A Joycean Jem [Yes I


A Joycean Jem

[Yes I know it is "misspelled." See Finnegan's Wake for an explanation.]

Thanks to Dylan for this link to Joyce's works online. Joyce nearly became for me the subject of the Ph.D. dissertation. And I would have taken the Wake as my subject of choice--one of the most arcane, self-involved, difficult, fascinating, disturbing, wonderful works of literature. I don't know how good it actually is, but it is completely intriguing and full of all sorts of fascinations and intricacies.

Much of the Wake was written during the time when Joyce was fuctionally blind. He dictated the work to Samuel Beckett. There is an anecdote that relates that they were involved in one of these dictation sessions and someone knocked on the door. Joyce had them enter and a brief conversation ensued. Beckett transcribed all of this and when he read it back, Joyce retained it in the work. Fascinating.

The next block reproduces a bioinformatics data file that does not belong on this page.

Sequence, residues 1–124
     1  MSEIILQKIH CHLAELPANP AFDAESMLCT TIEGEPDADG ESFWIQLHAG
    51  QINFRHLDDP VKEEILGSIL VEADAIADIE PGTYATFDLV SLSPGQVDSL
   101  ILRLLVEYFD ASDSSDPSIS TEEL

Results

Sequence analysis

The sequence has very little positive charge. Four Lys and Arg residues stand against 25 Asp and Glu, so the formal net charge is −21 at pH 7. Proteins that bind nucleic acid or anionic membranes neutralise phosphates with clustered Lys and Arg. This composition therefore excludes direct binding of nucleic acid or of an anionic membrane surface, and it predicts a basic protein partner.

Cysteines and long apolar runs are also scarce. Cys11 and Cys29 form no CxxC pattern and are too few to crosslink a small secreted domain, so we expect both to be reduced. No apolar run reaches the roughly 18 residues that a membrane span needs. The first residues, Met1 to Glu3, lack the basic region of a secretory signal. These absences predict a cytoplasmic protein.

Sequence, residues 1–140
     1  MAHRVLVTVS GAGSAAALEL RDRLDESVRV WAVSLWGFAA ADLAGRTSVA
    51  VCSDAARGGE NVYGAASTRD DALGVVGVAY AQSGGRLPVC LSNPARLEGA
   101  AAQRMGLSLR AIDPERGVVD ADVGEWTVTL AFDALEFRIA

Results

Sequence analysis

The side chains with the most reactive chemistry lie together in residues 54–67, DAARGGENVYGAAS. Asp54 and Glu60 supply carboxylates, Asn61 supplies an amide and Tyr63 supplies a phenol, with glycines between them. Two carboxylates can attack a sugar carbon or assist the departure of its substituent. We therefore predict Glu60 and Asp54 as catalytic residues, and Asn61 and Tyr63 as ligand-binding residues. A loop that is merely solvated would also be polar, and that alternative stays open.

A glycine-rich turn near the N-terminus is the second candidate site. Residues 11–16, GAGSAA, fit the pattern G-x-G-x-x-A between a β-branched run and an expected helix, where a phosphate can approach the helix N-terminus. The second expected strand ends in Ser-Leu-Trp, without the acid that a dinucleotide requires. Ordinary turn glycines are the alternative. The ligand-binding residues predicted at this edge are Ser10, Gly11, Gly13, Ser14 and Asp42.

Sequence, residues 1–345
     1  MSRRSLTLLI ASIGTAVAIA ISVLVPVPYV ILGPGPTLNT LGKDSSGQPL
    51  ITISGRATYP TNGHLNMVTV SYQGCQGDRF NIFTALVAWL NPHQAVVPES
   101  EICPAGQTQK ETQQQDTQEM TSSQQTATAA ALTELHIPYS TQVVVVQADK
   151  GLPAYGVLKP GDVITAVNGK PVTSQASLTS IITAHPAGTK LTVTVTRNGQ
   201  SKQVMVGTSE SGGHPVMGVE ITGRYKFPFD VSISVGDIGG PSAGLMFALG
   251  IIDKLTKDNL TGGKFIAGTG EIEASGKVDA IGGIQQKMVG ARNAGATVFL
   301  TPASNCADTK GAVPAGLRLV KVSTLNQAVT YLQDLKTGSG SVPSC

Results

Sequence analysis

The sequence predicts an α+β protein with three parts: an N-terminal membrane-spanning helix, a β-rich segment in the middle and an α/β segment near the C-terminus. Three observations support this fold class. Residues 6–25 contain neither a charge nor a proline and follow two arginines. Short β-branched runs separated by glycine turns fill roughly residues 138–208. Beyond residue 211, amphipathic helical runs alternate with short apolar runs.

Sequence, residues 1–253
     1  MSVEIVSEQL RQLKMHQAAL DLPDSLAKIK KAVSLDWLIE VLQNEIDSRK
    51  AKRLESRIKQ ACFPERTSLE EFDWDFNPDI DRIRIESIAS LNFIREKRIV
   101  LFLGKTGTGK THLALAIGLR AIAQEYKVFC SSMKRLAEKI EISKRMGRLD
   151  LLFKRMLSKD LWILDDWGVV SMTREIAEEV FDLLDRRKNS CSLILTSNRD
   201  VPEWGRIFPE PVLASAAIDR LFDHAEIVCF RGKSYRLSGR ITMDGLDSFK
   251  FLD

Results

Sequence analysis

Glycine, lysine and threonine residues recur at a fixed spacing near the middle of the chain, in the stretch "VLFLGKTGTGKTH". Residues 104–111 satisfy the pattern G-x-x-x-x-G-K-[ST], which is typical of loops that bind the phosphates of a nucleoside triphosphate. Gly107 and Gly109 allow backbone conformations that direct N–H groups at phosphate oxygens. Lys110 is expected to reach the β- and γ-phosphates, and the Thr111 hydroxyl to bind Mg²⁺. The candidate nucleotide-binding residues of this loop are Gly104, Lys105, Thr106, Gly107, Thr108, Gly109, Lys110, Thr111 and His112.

Also Ulysses, while there may be some debate about it being the "best" book of the twentieth century, there can be no doubt that it is among the most influential--affecting modern prose (and creating Modernist prose) down to its very marrow. There are remarkably few great writers post-Joyce who do not in one way or another reflect the influence of this major work--another of my favorite works despite its very negative portrayal of the Catholic Church.

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This page contains a single entry by Steven Riddle published on January 16, 2003 8:51 AM.

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